business news in context, analysis with attitude

Responding to the series of stories that we’ve been doing about the growth of private label, one MNB user wrote:

The trend you are talking about could ultimately backfire on the private label category itself within traditional grocers. Walmart didn't become (in such a short time) who they are by selling product at large margins. Therefore, the large margins chains now rely on for profit from private label will be under increasing pressure from the Walmart private label program. I would also think many operators will be looking at the ultimate bottom line instead of the bottom line while protecting their private label sales.

Think about it, Walmart can take an item and make it a national distributed brand in a short amount of time with very little marketing funds. I see this as a strategy to capture more sales from every trade segment.

I agree that Walmart is doing precisely that – playing a market share game that will work to its advantage in the long run.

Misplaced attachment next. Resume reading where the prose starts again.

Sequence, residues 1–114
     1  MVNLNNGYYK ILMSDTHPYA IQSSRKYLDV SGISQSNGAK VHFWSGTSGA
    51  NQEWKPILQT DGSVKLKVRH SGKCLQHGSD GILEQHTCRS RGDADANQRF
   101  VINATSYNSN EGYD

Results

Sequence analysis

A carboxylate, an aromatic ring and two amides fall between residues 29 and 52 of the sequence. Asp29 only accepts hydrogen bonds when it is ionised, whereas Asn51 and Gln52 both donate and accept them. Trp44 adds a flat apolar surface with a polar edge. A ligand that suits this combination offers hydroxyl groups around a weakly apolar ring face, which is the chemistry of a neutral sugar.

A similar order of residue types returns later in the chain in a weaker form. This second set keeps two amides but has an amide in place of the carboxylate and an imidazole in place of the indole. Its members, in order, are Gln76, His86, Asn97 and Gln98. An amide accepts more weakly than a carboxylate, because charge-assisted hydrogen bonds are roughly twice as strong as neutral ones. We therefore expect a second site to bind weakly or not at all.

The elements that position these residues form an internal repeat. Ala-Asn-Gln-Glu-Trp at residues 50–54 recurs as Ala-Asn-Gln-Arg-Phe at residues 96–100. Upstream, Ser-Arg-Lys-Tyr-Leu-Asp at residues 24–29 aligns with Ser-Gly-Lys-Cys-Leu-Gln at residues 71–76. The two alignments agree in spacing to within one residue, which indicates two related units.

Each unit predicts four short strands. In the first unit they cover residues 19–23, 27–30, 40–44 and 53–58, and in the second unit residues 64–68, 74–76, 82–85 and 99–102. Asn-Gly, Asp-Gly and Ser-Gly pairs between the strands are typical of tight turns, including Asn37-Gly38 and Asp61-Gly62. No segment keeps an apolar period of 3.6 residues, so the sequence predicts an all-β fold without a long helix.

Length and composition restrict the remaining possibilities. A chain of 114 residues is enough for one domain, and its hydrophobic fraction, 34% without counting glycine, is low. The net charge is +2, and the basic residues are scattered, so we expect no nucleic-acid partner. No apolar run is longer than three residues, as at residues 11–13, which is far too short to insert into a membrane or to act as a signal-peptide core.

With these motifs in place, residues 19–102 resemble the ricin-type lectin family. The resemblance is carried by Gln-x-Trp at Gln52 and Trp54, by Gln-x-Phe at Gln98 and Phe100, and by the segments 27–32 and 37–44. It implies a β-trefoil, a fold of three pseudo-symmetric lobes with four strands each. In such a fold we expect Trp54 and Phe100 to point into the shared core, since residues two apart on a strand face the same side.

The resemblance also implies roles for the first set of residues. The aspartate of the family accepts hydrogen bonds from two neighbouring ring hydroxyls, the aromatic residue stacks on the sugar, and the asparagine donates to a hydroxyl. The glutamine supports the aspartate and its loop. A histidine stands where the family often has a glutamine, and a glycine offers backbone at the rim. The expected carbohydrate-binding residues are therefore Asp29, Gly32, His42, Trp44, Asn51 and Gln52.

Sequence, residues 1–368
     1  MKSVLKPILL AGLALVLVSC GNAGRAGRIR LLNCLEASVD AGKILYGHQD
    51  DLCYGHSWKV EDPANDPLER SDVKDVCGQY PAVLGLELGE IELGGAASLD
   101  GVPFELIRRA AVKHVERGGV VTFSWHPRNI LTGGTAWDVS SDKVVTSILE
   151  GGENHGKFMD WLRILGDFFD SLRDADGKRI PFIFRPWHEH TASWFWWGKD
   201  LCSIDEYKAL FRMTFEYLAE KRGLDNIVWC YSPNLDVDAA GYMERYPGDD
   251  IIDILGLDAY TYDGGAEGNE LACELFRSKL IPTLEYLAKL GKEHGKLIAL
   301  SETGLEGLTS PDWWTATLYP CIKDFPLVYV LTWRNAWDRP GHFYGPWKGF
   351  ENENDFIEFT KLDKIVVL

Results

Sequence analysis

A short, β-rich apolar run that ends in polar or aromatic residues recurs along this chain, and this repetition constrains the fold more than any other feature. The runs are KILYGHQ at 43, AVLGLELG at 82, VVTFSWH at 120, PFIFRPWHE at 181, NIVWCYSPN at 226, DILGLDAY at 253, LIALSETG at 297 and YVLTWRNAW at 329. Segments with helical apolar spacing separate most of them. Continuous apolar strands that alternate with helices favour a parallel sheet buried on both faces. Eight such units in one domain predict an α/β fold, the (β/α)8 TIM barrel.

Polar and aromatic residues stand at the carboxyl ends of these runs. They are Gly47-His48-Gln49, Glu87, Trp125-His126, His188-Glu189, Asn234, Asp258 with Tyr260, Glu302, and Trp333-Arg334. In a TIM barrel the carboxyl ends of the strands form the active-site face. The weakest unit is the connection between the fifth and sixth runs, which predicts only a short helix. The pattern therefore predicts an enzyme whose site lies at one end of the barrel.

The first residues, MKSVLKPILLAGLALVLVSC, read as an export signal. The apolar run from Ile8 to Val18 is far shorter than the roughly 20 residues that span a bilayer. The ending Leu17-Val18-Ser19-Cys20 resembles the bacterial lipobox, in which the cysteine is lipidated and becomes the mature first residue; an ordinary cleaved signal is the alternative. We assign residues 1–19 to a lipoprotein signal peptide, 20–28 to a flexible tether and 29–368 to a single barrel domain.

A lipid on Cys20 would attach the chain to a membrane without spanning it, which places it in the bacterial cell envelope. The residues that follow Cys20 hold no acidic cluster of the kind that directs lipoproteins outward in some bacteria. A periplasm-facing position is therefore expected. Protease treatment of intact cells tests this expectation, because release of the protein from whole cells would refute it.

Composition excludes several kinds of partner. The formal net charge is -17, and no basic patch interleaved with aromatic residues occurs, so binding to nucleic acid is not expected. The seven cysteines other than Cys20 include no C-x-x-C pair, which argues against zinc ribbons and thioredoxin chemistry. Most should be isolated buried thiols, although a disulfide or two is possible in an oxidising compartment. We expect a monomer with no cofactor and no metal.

We had a story yesterday saying that the Private Label Manufacturers Association (PLMA) released a new study saying, not surprisingly, that shoppers can save roughly 30 percent on the average supermarket bill by purchasing own label products rather than national brands.

My comment:

Not be overly cynical here, but it seems likely that if the same study were conducted, say, by the Grocery Manufacturers Association (GMA), the price differential might be a little less dramatic.

Still, the trend seems clear, both from this story and reports like the one we had yesterday about Walmart upgrading its Great Value line. Private label is gaining momentum…and one wonders to what extent retailers are going use this trend to build their own margins and heighten their leverage over manufacturers.